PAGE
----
Tips on Removing Mold on Walls

Mold on walls can be one of the easiest cleanups that you will face, but it is possible that it may be one of the more involved cleanups as well. There are some determining factors that you can consider when assessing the situation you are faced with and planning the appropriate mold treatment.

The first consideration in situations where there is mold on walls is what the wall is made of. If it is a smooth, hard, non-porous material you are in luck. Most walls in the United States of America do not resemble that though.

You may be faced with drywall or wood paneling. These pose different difficulties, but the process may still be simpler than you think. If the wall is porous you may need to determine where the mold is coming from.

At this point you should consider first whether anyone in the house is experiencing problems that may be related to mold exposure. If they are you should probably contact professionals. If no one is experiencing problems and there is only a little mold problem you can probably clean it yourself.

There is possibility though that the mold is coming from inside your wall especially if you have dry walls.

How to get rid of mold on walls

To clean mold on walls you will use a three part process. The first step is to clean the second to disinfect and the third to treat or rinse and dry. Each step will have to be adapted to the particulars of your wall, but the intent should be carried out consistently.

You will need to plan your process and choose the chemicals before determining which safety equipment you need.  Even with small amounts of mold you should protect your nose and mouth, your eyes and your skin. In addition the chemicals that you use may have a number of special precautions, such as ventilation.

To begin you will clean. The first step should be to moisten the mold. This limits the spread of spores while you clean. You may be able to scrape the excess mold off if the surface is suitable. If not you may need to begin with a firm brush. Once the excess is removed you should use a suitable cleaner to scrub the area.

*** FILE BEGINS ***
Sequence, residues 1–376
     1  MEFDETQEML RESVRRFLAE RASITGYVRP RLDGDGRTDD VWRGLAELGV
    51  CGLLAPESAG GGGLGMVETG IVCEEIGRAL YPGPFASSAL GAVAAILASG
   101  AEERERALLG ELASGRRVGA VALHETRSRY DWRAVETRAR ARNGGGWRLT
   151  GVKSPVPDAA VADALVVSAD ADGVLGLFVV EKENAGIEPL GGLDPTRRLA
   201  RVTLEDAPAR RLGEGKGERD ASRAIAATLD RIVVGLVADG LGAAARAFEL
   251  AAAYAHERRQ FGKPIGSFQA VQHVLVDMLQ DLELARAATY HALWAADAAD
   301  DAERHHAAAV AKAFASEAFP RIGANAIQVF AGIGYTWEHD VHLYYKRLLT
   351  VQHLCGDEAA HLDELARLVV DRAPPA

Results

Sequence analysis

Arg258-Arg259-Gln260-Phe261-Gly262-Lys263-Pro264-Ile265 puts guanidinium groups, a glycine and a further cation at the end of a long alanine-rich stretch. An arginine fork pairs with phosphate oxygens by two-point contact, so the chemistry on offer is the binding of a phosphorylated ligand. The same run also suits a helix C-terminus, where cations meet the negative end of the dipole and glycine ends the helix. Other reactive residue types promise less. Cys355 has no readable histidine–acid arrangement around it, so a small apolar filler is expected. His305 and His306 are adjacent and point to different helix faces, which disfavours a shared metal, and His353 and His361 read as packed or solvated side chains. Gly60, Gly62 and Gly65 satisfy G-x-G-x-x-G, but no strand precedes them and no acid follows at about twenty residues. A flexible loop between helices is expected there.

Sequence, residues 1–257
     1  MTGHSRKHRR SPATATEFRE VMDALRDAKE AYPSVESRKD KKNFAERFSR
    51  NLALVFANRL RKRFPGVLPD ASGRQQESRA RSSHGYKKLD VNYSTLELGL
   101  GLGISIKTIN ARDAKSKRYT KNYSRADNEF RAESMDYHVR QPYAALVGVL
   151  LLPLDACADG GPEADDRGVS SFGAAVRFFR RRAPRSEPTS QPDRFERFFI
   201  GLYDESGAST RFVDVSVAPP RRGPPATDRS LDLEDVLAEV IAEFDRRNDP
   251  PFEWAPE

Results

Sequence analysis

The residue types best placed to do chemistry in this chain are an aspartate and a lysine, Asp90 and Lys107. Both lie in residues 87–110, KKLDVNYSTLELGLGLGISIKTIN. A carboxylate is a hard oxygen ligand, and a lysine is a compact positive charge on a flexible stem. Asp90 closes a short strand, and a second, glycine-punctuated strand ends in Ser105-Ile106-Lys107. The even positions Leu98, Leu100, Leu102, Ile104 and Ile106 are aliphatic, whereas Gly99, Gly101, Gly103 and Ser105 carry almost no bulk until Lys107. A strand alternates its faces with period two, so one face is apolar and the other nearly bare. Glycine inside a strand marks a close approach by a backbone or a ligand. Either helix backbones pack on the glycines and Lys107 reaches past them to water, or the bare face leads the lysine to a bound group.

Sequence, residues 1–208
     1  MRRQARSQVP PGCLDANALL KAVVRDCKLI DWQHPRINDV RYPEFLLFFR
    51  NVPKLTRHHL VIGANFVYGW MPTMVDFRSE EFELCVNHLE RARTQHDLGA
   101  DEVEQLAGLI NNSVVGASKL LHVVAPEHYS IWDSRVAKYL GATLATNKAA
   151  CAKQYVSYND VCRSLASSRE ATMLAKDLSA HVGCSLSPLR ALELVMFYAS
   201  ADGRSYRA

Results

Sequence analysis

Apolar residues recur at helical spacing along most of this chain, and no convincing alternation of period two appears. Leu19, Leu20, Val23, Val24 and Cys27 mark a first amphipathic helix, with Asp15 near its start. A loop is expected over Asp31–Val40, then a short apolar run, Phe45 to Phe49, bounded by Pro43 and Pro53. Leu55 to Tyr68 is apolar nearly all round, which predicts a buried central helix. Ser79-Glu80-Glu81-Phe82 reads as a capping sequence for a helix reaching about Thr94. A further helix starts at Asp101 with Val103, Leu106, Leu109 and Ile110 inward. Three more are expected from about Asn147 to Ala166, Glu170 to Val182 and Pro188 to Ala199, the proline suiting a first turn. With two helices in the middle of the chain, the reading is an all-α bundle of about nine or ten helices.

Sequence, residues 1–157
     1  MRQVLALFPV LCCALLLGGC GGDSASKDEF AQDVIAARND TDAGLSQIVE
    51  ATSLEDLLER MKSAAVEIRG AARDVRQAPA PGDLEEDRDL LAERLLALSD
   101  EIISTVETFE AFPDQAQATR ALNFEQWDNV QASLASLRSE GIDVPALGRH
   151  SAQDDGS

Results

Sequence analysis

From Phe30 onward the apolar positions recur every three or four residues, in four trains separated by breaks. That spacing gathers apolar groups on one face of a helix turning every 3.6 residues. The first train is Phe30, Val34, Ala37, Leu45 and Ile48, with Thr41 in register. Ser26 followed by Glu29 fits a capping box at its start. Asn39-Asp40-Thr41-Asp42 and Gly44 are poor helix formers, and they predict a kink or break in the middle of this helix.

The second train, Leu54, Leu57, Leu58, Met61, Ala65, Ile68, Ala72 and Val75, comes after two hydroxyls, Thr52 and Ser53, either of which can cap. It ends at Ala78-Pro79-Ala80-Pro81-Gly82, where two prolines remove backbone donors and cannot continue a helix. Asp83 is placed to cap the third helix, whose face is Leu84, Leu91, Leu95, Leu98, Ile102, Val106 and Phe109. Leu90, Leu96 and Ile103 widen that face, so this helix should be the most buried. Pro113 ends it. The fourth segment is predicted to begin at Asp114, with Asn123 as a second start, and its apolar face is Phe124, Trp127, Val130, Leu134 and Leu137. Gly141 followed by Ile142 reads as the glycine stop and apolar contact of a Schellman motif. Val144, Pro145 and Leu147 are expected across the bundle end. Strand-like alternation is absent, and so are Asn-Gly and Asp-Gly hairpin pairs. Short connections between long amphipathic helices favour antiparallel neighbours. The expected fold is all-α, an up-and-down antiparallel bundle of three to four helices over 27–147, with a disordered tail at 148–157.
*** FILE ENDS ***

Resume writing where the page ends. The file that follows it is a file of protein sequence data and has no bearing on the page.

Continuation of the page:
Keep in mind that you will need to choose chemicals that can be used together. It is important that you remove mold but clean the surrounding area as well. Some materials may require sanding to remove all of the mold.

Another recommendation is to allow your cleaner to soak into the material after the initial cleaning. Wait for approximately half an hour and then reapply the cleaner.

After the cleaning is complete disinfecting begins. Some prefer a vinegar-base other use a bleach-base. Some individuals have concerns about the bleach reacting with the mold to create a caustic gas. This should be applied to the area using a new brush.

After the initial application of the disinfectant consider applying a disinfectant soak depending on the surface that you are working on. Wait for half an hour and apply again.

Bleach alone will not kill mold on walls

The final step has two approaches. The intention here is to prevent the growth of mold on walls and protect the integrity of the wall. One approach involves rinsing the area with water and then drying the area quickly. The other approach involves the application of a borate-based detergent solution to the area and leaving it there.

Your choice may depend on whether your wall is a visible wall and what effect the detergent may have on the appearance of the wall. Of course, you also need to think about mold control for the future.

You should check the area periodically after the cleaning. If the mold continually comes back, especially if you have eliminated possible sources of moisture, the visible mold on walls may be coming from inside the walls.